Senators Hatch and Inhofe cobyline an op-ed in the Desert News pushing back against last week's Washington Post piece that was itself pushback against Congressional efforts to overturn the administration decision to kill the program. The senators attempt to rebut the allegations made in the Washington Post point by point, but they make one of the most compelling arguments in favor of continued production with this:
Well, if the F-22 is a Cold War dinosaur with uneconomical maintenance problems, why then do the Japanese, Australian and Israeli governments continue to express considerable interest in purchasing the Raptor? Why has the Pentagon prevented its deployment to the Persian Gulf, citing concerns of "strategic dislocation?" Perhaps it is because nations realize the F-22 is the only fighter/bomber that can successfully defeat and destroy the air and ground threats of today and tomorrow. The F-22 is an unrivaled deterrent to any nation that threatens the United States or its allies.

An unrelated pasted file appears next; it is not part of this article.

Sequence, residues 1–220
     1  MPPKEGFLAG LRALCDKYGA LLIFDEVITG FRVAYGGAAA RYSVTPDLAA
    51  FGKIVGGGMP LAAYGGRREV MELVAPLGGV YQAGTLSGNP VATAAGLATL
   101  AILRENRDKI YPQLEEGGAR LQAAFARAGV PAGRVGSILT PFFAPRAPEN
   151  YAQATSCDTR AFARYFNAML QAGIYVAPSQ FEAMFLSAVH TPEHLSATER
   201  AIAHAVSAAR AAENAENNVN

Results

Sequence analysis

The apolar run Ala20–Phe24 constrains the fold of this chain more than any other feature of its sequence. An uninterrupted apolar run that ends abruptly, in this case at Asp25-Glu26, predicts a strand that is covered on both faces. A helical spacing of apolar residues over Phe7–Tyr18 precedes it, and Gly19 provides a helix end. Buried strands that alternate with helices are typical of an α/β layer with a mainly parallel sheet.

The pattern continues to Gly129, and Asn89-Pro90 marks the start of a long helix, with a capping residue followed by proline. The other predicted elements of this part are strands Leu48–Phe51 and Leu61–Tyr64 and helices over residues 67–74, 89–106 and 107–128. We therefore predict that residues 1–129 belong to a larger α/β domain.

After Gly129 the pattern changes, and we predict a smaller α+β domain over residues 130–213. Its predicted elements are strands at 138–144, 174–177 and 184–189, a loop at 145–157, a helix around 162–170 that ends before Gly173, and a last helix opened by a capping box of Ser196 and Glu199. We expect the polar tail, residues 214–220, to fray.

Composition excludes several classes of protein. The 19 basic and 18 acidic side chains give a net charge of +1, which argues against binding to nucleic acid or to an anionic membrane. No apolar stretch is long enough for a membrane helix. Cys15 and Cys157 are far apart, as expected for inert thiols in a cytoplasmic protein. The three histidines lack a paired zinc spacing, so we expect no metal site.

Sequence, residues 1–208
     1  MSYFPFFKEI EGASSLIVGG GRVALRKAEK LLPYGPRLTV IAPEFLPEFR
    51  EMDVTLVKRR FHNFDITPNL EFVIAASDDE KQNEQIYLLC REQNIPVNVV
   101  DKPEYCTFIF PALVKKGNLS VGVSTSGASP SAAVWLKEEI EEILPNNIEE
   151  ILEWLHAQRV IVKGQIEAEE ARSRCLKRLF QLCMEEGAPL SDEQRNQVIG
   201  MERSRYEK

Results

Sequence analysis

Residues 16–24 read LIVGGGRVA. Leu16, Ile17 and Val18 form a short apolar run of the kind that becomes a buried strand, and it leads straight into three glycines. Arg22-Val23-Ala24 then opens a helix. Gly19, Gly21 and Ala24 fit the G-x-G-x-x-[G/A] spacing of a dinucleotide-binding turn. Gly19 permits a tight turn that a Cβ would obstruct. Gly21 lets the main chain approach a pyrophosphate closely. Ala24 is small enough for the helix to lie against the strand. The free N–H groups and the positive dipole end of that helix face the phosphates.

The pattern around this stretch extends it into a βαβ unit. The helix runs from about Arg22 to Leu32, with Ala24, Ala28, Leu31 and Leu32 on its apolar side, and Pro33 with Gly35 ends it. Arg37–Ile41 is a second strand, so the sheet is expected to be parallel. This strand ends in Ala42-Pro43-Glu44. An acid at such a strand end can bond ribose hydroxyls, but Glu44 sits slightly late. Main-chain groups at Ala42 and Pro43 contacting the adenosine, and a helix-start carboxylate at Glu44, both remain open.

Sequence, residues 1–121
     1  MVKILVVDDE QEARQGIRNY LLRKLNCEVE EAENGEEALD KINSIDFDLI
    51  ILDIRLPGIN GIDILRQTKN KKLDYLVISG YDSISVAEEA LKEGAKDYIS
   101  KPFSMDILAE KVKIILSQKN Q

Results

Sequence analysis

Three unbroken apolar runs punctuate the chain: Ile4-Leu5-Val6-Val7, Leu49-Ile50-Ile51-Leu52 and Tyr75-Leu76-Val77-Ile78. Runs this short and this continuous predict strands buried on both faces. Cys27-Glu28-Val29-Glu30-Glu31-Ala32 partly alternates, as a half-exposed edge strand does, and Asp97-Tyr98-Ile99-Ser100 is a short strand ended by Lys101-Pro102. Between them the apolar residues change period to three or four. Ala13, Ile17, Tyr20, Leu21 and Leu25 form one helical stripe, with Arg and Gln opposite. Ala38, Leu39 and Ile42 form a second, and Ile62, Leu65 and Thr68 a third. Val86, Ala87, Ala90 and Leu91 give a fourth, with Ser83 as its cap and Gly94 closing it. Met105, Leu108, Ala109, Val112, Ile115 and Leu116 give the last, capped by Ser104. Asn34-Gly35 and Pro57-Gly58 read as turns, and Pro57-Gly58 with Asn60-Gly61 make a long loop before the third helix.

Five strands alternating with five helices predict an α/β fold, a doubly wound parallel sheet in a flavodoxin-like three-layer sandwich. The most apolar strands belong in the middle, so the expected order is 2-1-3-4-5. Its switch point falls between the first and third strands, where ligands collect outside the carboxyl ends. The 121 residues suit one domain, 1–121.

Supporters of the F-22 want to keep the production line open long enough to repeal the Obey Amendment that prohibits foreign sales of the aircraft and sell the plane to close allies that are willing to pour billions of dollars into U.S. industry and keep a valuable combat asset in theater to deter aggression and assist U.S. forces in a potential conflict. The problem with that plan is that any Japanese or Australian or Israeli investment in F-22 might preclude investment by those same countries in the Joint Strike Fighter. F-22 is a major threat to JSF, and more than a few of those crusading against "wasteful spending" on F-22 merely have a stake in another aircraft with a very similar history of cost overruns. These supporters of JSF ought to explain why the Japanese and the Australians and the Israelis want F-22 in the first place. After all, if the administration and its defenders are not arguing that JSF is superior to F-22, they must be arguing that it is a more cost-effective aircraft. The only obvious explanation, then, is that our allies are using a very different methodology than the Obama administration for evaluating the F-22's cost-effectiveness.
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